“The key is the patient is at the center”

This content is sponsored by George Washington Hospital.

Dr. Gurusher Panjrath is an advanced heart failure and transplant cardiologist at GW Hospital Heart. Here, he discusses his specialty and what makes GW Hospital’s quality cardiovascular care stand out.

Can you talk a little about heart failure and how you treat it?

Panjrath: Heart failure is the most common diagnosis of discharge from the hospital in the United States. With this condition, there’s a spectrum of disease, where the heart is not able to pump enough blood. The heart failure specialist diagnoses it and tries to figure out the cause: Is it blockages in arteries, some kind of inflammation and/or genetics?

We then decide what kind of testing is needed. We work with imaging and our other partners to get patients on the appropriate therapy. If patients do not respond to treatment or heart failure progresses, we evaluate them for more advanced therapies, such as a left ventricular assist device or a heart transplant.

How do you work with other specialists at GW Hospital to care for patients?

Panjrath: Cardiology patients have a lot of comorbidities and many different diagnoses impact care. GW Hospital cardiologists give supportive care to those patients as they undergo treatments and therapy, or the surgery and procedures for other diagnoses.

The other way around, some cardiac patients also have other problems which require close collaboration between critical care, infectious disease, pulmonary rehab, occupational therapy, physical therapy and nutrition. It’s a very multidisciplinary approach.

What makes GW Hospital Heart stand out from other cardiology programs?

Panjrath: One is the collaborative care. Every patient is very thoughtfully evaluated and discussed between the different stakeholders involved with a multidisciplinary approach, whether in an inpatient or outpatient setting. It is really patient-centered.

Then, there’s a lot of expertise at GW Hospital in terms of national experts in the cardiovascular side, electrophysiology, heart failure, imaging. There are experts who are well-known nationally for education, research and innovation, too.

As an academic hospital, we are fortunate to be part of partnerships between us and other industry partners, as well as other research networks and clinical trials, because of the academic setting. Many other centers don’t have that option.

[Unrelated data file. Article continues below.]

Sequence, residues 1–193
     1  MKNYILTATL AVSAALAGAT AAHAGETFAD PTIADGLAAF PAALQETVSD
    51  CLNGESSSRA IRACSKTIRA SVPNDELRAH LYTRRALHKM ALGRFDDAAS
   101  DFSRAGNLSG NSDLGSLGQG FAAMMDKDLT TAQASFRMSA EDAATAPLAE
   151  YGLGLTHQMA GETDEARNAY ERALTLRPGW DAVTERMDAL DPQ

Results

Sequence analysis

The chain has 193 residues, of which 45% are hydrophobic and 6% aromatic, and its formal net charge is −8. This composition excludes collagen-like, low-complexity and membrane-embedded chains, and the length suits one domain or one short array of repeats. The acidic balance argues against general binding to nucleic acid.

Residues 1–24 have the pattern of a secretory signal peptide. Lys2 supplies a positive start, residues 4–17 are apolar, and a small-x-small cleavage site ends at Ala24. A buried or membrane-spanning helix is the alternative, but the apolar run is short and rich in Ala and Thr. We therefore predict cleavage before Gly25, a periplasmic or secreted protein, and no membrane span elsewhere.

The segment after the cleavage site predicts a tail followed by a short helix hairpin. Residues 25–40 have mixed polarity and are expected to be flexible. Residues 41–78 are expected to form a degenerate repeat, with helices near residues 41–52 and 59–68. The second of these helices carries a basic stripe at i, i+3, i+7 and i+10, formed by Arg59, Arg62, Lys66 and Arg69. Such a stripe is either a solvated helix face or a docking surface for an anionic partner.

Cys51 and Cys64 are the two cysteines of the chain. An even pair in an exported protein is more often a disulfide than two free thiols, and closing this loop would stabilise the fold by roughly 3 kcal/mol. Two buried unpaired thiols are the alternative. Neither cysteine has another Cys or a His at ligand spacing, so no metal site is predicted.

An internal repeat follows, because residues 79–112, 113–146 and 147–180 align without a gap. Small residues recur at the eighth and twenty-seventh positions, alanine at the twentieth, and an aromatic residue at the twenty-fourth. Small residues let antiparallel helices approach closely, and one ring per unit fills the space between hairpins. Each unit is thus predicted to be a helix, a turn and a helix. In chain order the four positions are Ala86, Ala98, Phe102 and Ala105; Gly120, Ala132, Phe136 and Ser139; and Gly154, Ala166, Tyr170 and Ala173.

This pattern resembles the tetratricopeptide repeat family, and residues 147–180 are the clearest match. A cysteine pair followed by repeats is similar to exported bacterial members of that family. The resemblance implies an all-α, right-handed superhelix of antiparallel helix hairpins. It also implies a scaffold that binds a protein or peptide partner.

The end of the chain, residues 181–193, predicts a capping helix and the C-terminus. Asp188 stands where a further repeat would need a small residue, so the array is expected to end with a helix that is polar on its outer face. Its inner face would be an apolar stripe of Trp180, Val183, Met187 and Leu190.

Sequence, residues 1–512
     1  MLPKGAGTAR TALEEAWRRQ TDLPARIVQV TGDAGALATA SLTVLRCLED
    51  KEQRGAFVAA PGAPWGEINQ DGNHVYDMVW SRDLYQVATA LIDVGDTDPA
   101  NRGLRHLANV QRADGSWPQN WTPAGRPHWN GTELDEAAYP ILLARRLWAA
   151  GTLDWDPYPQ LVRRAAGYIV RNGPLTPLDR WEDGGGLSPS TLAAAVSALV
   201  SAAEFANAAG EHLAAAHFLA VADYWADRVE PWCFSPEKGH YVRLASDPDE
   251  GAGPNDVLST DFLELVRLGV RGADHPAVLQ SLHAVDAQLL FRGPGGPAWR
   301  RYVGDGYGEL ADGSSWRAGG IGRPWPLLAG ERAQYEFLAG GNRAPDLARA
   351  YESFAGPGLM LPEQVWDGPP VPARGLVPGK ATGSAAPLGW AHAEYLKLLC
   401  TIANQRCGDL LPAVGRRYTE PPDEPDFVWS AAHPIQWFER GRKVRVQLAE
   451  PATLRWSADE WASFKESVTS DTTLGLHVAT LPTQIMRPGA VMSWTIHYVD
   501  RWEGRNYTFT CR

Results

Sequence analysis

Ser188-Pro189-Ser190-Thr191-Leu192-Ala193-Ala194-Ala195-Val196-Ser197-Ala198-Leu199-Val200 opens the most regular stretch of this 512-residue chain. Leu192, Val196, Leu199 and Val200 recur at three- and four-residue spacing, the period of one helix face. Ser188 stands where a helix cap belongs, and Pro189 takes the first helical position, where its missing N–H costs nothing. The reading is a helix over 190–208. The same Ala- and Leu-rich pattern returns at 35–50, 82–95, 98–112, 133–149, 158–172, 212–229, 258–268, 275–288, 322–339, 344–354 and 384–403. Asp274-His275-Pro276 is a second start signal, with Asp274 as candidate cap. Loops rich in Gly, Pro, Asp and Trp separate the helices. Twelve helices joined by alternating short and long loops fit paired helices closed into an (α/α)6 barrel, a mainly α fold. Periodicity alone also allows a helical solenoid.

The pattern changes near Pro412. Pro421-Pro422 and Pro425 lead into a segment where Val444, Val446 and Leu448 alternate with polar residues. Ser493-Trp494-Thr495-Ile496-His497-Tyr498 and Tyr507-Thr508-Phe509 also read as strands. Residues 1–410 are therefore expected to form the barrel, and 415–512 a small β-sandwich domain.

We participate in both organically driven clinical research or trials, as well as things which are sponsored from outside and we are part of those clinical trial networks.

Is there new technology at GW Hospital Heart that’s exciting to you?

Panjrath: We are looking at artificial intelligence and cardiovascular disease in different spheres; in delivery of care, imaging and procedural guidance.

There are new techniques and also new clinical trials for conditions such as cardiac amyloidosis. There are new catheter techniques for atrial fibrillation, as well as other ablations, in electrophysiology. There are some things which we are early adopters of at GW Hospital.

From a program perspective, GW Hospital Heart has not only the tools and techniques, but also a lot of innovative programs which have been there for delivery of care.

What role does GW Hospital play in training the cardiologists of tomorrow?

Panjrath: As an academic institution with a long history, we have residency programs and fellowships. The cardiovascular division is at the very forefront of that education. We are involved with teaching them in outpatient settings, inpatient settings, in the different procedural areas, intensive care units and trainings on every level.

Residents and fellows work closely with us at the hospital. We really play a formative role in the care decisions as well as kind of growth and training.

What is your philosophy of care?

Panjrath: My philosophy of patient care in particular is very patient-oriented, treating patients based on partnership in a collaborative model. I really believe in collaborating with a patient and their caregivers or their family, particularly with heart failure, because it almost takes a village to take care of these patients.

Why would you recommend GW Hospital Heart to people in the community?

Panjrath: We are very up-to-date and have access to much of the latest technology, treatment options, clinical trials and therapies.

A patient is not a number. Each and every patient is engaged with and taught in a very thoughtful way, in a collaborative way, especially if they need collaborative care. It is care very tailored to patients. The key thing is the patient is at the center.

Let the GW Hospital family care for you and yours.

To find a doctor, call 888-4GW-DOCS (449-3627) or visit doctors.gwhospital.com

Learn more about the GW Hospital Heart at gwhospital.com/heart

Physicians are independent practitioners who are not employees or agents of The George Washington University Hospital. The hospital shall not be liable for actions or treatments provided by physicians. For language assistance, disability accommodations and the nondiscrimination notice, visit our website.

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